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A Number of Programs Seve as the Navy's Source of Procuring Trained Officers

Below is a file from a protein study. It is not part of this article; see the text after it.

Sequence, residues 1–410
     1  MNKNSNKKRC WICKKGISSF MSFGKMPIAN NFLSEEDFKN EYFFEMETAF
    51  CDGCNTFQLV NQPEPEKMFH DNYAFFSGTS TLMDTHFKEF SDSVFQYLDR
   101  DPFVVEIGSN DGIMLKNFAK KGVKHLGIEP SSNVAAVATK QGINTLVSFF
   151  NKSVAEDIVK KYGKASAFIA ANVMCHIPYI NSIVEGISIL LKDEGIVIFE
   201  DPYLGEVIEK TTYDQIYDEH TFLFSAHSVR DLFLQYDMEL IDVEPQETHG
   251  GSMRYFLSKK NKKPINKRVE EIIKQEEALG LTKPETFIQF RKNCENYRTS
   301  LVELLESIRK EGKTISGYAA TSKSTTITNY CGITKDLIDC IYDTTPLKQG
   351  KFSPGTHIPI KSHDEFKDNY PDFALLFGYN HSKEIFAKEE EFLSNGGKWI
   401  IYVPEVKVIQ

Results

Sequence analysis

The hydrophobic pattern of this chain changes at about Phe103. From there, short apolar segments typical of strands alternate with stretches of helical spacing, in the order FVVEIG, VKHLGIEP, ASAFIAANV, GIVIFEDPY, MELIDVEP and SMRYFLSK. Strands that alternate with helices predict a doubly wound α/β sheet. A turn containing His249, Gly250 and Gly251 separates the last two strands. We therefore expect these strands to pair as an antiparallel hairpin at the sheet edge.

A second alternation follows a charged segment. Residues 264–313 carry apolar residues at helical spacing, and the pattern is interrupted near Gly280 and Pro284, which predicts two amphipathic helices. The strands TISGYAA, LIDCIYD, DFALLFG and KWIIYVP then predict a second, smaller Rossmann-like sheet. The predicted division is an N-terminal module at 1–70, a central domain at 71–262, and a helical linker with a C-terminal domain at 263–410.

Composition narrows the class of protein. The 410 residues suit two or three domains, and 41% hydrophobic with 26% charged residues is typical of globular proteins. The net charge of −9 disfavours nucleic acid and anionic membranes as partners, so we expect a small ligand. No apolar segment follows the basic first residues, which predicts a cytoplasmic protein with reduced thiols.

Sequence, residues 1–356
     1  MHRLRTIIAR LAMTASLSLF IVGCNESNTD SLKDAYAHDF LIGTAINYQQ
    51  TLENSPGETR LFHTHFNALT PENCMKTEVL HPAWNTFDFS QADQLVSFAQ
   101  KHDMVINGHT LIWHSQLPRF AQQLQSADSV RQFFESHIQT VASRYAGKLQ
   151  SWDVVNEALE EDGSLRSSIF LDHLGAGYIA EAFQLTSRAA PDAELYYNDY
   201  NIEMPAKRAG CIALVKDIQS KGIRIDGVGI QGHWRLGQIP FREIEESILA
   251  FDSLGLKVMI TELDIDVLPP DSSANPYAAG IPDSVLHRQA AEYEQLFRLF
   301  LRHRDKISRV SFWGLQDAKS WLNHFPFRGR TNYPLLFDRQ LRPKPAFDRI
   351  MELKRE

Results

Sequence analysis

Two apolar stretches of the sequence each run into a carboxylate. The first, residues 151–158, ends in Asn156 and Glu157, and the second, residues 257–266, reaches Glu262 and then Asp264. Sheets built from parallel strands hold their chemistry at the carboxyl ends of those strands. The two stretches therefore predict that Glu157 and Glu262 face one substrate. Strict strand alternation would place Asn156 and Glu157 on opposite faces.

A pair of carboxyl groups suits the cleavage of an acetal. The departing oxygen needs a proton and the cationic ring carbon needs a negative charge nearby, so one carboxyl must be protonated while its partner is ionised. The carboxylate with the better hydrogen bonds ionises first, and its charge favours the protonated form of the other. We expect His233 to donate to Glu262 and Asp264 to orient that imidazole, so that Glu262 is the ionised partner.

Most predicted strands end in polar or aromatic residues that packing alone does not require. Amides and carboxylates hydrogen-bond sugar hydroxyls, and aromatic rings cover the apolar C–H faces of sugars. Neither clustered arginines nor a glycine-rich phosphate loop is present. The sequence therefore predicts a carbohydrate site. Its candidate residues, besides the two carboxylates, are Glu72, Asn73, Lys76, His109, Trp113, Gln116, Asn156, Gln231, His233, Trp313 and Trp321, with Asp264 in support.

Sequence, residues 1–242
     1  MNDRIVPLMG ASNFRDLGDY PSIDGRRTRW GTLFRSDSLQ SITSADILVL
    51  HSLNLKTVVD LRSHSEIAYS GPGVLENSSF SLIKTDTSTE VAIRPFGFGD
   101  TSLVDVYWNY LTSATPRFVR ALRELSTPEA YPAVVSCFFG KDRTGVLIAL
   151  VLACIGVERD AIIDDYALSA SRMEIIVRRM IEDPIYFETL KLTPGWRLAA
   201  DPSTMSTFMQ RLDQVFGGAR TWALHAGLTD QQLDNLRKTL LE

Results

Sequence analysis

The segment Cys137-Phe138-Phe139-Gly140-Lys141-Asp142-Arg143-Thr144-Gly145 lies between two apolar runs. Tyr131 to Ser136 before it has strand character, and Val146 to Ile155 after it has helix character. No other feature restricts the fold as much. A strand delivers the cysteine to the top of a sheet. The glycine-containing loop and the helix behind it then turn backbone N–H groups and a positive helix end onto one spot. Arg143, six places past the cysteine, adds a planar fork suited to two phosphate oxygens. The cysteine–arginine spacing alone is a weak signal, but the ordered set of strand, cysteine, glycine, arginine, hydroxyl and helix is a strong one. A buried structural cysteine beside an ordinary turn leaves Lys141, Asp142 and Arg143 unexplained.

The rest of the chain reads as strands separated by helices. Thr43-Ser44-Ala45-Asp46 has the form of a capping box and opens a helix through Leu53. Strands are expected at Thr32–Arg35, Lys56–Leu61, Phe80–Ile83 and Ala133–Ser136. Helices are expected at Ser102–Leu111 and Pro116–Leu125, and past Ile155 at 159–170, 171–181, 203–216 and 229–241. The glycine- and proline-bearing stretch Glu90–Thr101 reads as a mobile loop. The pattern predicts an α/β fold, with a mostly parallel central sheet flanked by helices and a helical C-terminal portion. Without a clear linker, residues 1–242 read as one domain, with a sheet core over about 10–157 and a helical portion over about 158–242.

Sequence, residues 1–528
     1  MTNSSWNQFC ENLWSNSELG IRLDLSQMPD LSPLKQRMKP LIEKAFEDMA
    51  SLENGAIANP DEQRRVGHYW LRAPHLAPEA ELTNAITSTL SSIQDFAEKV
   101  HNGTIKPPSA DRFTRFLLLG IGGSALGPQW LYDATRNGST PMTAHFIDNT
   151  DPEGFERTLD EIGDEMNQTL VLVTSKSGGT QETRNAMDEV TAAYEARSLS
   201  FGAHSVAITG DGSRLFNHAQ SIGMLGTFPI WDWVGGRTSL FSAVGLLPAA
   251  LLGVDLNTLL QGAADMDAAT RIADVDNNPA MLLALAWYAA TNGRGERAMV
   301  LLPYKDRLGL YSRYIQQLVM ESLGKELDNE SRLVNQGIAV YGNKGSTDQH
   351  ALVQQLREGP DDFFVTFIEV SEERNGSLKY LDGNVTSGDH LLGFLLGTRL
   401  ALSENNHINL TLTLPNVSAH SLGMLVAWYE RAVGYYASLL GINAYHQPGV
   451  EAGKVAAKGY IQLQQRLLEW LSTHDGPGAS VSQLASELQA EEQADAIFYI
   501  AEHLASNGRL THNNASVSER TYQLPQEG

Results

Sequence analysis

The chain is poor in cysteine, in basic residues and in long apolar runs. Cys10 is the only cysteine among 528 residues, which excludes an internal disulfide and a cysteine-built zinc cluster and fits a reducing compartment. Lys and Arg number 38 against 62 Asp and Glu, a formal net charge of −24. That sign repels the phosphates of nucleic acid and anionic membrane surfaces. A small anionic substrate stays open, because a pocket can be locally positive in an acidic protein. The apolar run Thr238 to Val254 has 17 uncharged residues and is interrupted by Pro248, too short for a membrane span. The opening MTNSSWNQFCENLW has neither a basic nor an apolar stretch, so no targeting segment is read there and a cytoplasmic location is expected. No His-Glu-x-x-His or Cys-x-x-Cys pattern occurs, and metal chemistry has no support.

CHAPTER 3 THE NAVAL OFFICER’S CAREER 1. 2. 3. 4. 5. LEARNING  OBJECTIVES Upon  completion  of  this  chapter,  you  should  be  able  to  do  the  following: Identify the procurement sources for commis- 6. sioned   officers. Describe   the   sources   for   commissioning opportunities  of  enlisted  personnel. 7. Explain  the  purpose,  use,  and  content  of  the microfiche   record. 8. Identify the purpose, use, and content of the officer’s   service   record. 9. Explain the purpose, use, and content of the officer's   fitness-report. 10. Describe  the  typical  development  paths  for surface  warfare  officers,  surface  warfare nuclear officers, submarine officers, aviation officers,   supply   officers,   and   general   un- restricted  line  officers. Describe  the  selection  board  process  for promoting    officers. Explain  the  difference  between  pay  and allowances. Explain  the  various  benefits  and  services available   to   military   personnel   and   their dependents. Identify  the  three  types  of  retirement, What  motivates  a  person  to  become  a  naval officer?  Different  motives  make  people  decide they  want  to  become  a  naval  officer,  including patriotism,  dedication,  and  a  desire  to  serve. Rarely is anyone impelled to any action by a single force. Just as people are complicated, so are the things  that  influence  them. The  responsibility  accorded  a  naval  officer motivates many people to choose a naval career. Their  dedication  to  that  responsibility  corresponds to their understanding of the authority vested in them. Many  newly  commissioned  officers  are  not certain  of  the  total  implications  of  their  new responsibilities.    However,   career   officers   are of  necessity  aware  of  their  tremendous  respon- sibilities. Each person entering the Navy takes an oath to uphold and defend the Constitution against all enemies, to bear true faith and allegiance, and to faithfully  discharge  the  duties  of  his  or  her office.  That  oath  leaves  little  doubt  as  to  what the  Navy  expects  of  its  people. That a naval officer must have dedication is obvious. That a naval officer is a professional in the  truest  sense  of  the  word  is  equally  clear. Dedication   will   smooth   the   rough   spots   that invariably  lie  in  the  path  of  any  endeavor. Professional knowledge and competence will help resolve the complex problems that a naval officer faces. The  President  has   “special   trust   and   con- fidence”  in  the  abilities  of  officers  and  has  granted them  extensive  authority.  When  officers  are commissioned,  they  reaffirm  the  basic  oath;  but their commission places an even greater respon- sibility  on  them.  Their  commission  is  a  contract with the nation to do all in their power to render themselves   fully   capable   of   leading   men   and women  in  war.  The  terms  in  the  commissioning oath  have  been  previously  spelled  out.  The  nation 3-1

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